In a recent turn of events, the Congress party has ignited a conversation about whether India should officially be referred to as Bharat. This issue, however, is not a new one; it has deep historical roots dating back to the Constituent Assembly debates. While the discussion about using Bharat as the sole name for our nation is once again in the spotlight, it’s crucial to understand the context, history, and significance of this dual nomenclature.
The framers of our Constitution had a robust debate about this very issue. Article 1 of the Constitution itself recognizes both names, stating, “India, that is Bharat, is a Union of States.” This dual nomenclature was deliberately chosen for juridico-political purposes. It reflects the rich tapestry of India’s identity, embracing both its geographical and cultural aspects.
India, as a term, finds its origins in the Indus River and was popularized by Greek historians and later adopted by the British during their colonial rule. Bharat, on the other hand, has ancient roots and is mentioned in Hindu epics like the Mahabharata and Manusmriti. It represents not just a geographical entity but also embodies the cultural and historical legacy of the region.
Even Dravidian languages such as Tamil, Malayalam, and Telugu use the term Bharat to refer to our nation. In Hindi, the Constitution is referred to as ‘Bharat ka Samvidhan,’ and Article 1 reads, ‘Bharata arthat India, rajyon ka sangha hoga.’
This dual nomenclature is not merely a matter of semantics. It signifies the duality of India’s identity, recognizing the geographical entity of India while also celebrating its rich cultural heritage. As Jawaharlal Nehru eloquently put it in ‘Discovery of India,’ “Often, as I wandered from meeting to meeting, I spoke to my audience of this India of ours, of Hindustan and of Bharata, the old Sanskrit name derived from the mythical founder of the race.”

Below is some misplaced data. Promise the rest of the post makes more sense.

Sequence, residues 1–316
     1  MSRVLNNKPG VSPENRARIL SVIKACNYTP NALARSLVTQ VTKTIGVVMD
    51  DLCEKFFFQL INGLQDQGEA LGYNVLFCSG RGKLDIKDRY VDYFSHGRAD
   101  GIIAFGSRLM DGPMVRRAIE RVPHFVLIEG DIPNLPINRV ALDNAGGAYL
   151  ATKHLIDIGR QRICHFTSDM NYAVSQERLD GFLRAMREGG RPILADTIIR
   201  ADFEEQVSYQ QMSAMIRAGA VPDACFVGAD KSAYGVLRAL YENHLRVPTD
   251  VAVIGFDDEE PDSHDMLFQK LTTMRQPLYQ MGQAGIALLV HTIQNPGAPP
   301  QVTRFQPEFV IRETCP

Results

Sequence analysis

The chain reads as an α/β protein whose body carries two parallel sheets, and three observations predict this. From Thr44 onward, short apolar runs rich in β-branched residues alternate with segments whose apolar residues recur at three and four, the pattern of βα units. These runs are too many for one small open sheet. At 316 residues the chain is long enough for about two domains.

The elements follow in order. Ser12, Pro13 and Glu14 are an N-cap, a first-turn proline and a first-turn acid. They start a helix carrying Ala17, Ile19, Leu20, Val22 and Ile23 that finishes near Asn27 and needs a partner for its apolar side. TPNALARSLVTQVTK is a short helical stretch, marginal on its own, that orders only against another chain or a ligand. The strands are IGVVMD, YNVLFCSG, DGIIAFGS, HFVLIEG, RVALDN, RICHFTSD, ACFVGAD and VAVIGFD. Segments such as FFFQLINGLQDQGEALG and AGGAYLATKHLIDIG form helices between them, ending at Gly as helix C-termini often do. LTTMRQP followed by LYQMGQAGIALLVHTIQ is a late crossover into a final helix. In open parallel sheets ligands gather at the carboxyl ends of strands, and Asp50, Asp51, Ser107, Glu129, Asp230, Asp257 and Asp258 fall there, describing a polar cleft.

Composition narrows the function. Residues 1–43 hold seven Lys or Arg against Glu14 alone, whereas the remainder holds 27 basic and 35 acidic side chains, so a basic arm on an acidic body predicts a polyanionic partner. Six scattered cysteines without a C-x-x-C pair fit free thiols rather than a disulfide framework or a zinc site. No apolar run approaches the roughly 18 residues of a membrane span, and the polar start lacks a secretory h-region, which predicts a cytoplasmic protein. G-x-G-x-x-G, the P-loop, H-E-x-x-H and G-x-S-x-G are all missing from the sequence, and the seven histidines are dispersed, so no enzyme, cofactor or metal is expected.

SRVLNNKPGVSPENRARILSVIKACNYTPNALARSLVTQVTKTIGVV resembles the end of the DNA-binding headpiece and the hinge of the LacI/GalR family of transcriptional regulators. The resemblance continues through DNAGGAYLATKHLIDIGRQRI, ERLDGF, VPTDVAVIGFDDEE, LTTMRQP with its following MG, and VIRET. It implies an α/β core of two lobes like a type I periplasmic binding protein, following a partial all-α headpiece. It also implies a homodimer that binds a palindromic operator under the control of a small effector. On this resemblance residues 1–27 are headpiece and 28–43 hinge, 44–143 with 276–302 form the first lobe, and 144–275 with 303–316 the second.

Interestingly, both names are legally recognized and appear on Indian passports. Bharat Ganarajya and Republic of India are both inscribed on these documents, emphasizing the dual identity that has become a part of our nation’s legal and cultural fabric.
The debate over using only Bharat as the official name of our country is not new. In 2012, a Congress MP presented a private member’s bill in the Rajya Sabha proposing this change. The idea of using Bharat as the primary name was also discussed during the Constituent Assembly debates.
On September 18, 1949, Constituent Assembly members debated the wording of Article 1. Some members, like Hari Vishnu Kamath and Hargovind Pant, advocated for using Bharat as the primary name. They argued that Bharat, rooted in ancient history and tradition, better encapsulated the essence of our nation.
Kamalapati Tripathi passionately argued that using Bharat as the primary name would be a reclaiming of our ancient identity after centuries of foreign rule. However, when the amendments were put to a vote, Article 1 remained ‘India, that is Bharat…’.
So, why did the framers choose to use both Bharat and India? The answer lies in the historical context. The Constitution was being drafted in the immediate aftermath of Partition, a time of great uncertainty and communal strife. The dual identity of ‘India, that is Bharat’ was chosen to ensure inclusivity and stability in the newborn nation. It was a way of recognizing the diverse cultural and historical heritage of the country.
In her research paper, Catherine Clementin-Ojha notes that this decision may have been made to assure minorities that the country would not be excessively Hinduized. It was a pragmatic choice to preserve unity and harmony in a fragile post-Partition India.
So, if the government decides to use only Bharat for official purposes, it’s not a renaming of the country but a reminder of our rich heritage and a step towards embracing our ancient identity. India or Bharat, both names reflect the multifaceted nature of our nation, and the debate continues to symbolize the complexities of our collective identity.
The opinions expressed in this article are those of the author. They do not purport to reflect the opinions or views of Khalsa Vox or its members.